The Tri-Labs (Sandia, Los Alamos, and Lawrence Livermore) contract focuses on parallel computing using commodity- based PCs and associated components. CEl's Beowulf cluster is connected with 100-Mbit Ethernet and an HP ProCurve 4000 switch. It runs on Linux 6.2 software from Red Hat Inc. of Durham, N.C. Each PC contains a 733-MHz Pentium III processor and an NVIDIA GeForce2 graphics card, which can render about 20 million triangles per second.
The PC that functions as root node, or server, has 2 GB of RAM and a 55-GB disk. Each of the other 15 PCs has a gigabyte of RAM and a 40-GB disk.
David vs. Gollath
Beowulf, named for the hero of the Old English epic who destroyed the monster Grendel, refers to a cluster of PCs linked for parallel processing using the Linux operating system.
The original Beowulf program was developed by a team that included Donald Becker and Dan
Ridge at NASA Goddard Space Flight Center. Scyld Computing Corp., based in Annapolis, Md. , with Becker as chief technical officer, continues to update Beowulf.
CEI has written its own Beowulf parallel-processing software from the ground up, based on the published ideas of Becker and his associates.
According to Krogh, the post processing visualization software in development at CEI is intended to work with any Beowulf system.
When linked together correctly, Beowulf clusters can reach high rates of computation speed comparable to a traditional supercomputer at a lower cost. CEl's cluster cost $35,000.
Not only are Beowulf clusters inexpensive to buy and maintain, they offer flexibility for increasing functions, according to Jortner. "With a cluster, you can add a new machine, more memory, or more processors, and it's much less expensive than the traditional supercomputers of the past," he said.
The majority of computers at the national labs are now clusters of some so rt. Some fill entire rooms, such as IBM's ASCI White, which is capable of running at speeds of 12.3 teraflops, or 12.3 trillion floating point operations a second. Other cluster-based systems include Los Alamos' Avalon, a 140-processor Beowulf cluster, and Loki, a 16-processor Beowulf.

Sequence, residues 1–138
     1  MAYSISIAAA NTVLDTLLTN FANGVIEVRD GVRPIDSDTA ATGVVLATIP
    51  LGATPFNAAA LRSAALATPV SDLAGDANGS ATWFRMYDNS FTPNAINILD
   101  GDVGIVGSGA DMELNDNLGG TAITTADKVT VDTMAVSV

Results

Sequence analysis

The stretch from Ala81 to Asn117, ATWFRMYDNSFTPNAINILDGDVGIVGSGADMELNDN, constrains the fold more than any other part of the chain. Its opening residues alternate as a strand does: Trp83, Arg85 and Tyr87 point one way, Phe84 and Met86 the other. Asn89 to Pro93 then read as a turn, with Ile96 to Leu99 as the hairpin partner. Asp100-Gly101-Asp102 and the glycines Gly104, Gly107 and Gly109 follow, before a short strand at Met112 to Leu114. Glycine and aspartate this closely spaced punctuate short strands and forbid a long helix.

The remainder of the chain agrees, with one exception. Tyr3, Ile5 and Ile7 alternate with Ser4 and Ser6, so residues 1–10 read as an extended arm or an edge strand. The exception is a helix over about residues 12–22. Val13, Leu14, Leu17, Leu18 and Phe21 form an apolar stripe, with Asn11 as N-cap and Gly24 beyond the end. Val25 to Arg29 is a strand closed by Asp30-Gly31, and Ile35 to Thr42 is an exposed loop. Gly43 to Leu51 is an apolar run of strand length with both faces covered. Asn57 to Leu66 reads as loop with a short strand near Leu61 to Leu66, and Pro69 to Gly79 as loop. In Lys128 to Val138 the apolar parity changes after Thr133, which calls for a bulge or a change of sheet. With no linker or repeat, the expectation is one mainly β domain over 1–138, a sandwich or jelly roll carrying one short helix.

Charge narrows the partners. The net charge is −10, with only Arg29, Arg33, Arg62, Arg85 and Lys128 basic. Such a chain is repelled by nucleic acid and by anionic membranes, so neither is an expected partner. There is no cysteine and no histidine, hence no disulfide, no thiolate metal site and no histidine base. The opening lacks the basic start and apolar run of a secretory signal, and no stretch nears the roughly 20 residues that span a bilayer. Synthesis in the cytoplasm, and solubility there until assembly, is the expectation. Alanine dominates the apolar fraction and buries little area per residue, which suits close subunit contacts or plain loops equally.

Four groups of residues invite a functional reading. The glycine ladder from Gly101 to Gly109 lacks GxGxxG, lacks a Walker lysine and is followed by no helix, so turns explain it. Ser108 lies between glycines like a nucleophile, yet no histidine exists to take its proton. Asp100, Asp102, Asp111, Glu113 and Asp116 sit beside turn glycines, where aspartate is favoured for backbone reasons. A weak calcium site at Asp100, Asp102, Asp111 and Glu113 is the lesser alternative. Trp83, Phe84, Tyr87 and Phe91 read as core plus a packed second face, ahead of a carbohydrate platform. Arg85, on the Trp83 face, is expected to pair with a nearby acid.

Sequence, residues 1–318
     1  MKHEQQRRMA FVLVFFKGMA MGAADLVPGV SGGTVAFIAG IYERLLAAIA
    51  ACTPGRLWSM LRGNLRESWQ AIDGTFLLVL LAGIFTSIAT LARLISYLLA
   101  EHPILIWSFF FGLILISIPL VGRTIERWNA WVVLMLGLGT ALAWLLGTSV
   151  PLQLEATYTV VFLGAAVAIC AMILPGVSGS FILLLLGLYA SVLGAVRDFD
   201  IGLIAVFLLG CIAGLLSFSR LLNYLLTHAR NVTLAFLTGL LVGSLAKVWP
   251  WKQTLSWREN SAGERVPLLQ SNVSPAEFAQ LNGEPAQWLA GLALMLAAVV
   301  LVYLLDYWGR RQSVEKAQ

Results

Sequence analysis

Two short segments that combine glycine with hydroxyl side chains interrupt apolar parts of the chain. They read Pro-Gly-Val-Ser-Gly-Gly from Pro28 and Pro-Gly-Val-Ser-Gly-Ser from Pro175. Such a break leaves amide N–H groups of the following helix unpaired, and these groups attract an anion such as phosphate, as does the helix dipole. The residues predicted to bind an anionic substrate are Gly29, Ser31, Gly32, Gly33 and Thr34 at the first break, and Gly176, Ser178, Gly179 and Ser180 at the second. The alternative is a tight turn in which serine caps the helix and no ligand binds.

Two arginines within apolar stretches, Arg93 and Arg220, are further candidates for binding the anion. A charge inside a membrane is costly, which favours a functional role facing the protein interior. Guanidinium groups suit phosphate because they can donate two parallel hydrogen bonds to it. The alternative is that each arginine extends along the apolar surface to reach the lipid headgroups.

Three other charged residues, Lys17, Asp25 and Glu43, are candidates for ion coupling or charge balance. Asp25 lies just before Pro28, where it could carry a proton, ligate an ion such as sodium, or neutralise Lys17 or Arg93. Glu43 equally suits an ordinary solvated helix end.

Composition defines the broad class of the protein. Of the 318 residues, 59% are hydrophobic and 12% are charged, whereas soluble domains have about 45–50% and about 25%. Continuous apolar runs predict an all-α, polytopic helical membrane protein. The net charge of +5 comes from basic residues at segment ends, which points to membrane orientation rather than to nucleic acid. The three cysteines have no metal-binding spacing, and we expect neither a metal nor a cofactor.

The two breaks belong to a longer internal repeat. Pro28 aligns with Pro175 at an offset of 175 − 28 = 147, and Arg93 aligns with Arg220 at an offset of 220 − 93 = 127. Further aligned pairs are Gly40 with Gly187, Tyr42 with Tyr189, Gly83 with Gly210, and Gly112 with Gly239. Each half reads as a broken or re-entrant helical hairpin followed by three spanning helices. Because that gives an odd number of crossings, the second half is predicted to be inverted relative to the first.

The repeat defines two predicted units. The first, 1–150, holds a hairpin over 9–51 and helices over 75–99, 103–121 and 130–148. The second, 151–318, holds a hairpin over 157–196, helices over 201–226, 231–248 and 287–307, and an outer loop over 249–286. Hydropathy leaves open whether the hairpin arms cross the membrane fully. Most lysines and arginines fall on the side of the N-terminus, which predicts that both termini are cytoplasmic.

"Computational codes are all being moved to clusters," said Jortner. "Right now they're no longer building single machines that can do computations of this size, so we are constantly looking for more power. But that doesn't always mean it has to be more expensive."
While the idea of linking PCs together to emulate a visualization supercomputer sounds obvious, the programming involved is not. A cluster is a distributed memory system, which is more difficult to program for parallel processing than a shared-memory system such as the Onyx 2. If a cluster is not programmed properly, it can be tediously slow, eliminating any of its benefits.
Traditionally, scaling visualization software with a Beowulf cluster required fragmenting the simulation data across the individual PCs. The separate pieces of the solution are then "glued" back together into a data file, then postprocessed the traditional way, as they would be with a supercomputer.
The problem is that as the aggregate model size increases, the combined results file becomes too large and unwieldy to process on a single system.
CEI's goal is to program its software to have the intelligence to find these individual pieces and spawn multiple functions. If the user wants to take a slice through the model, for example, the code would have to issue a command to each individual PC to do its part of this slice, then collect all the data and display it on the user's monitor. All this activity must be transparent to the user, as in dealing with a single file set on a single computer. And it must be done as fast as it would be on a supercomputer, or faster.
If programmed and maintained properly, the price/performance ratio of a cluster can be at least an order of magnitude greater than that for a supercomputer, according to Krogh. PC-based systems are built using commodity components costing tens to hundreds of dollars, significantly lowering maintenance costs. Most PCs come with a one- to three-year warranty on parts and can be fixed by someone with a little experience. A traditional supercomputer, on the other hand, requires an expensive maintenance contract with a vendor field engineer to perform the repairs . Individual parts can cost thousands or tens of thousands of dollars.
If CEI's cluster is successful, it will open markets beyond the ASCI project, potentially in all areas of research and development, said CEl's president, Kent Misegades.
"This project will help advance state-of-the-art, largescale visualization," he said. "In particular, it enables us to adapt our technology to advanced parallel computing architectures, which we believe will be the systems of choice in the future for scientists and engineers. It will mean major innovations for all types of research and disciplines that have a need for supercomputing power."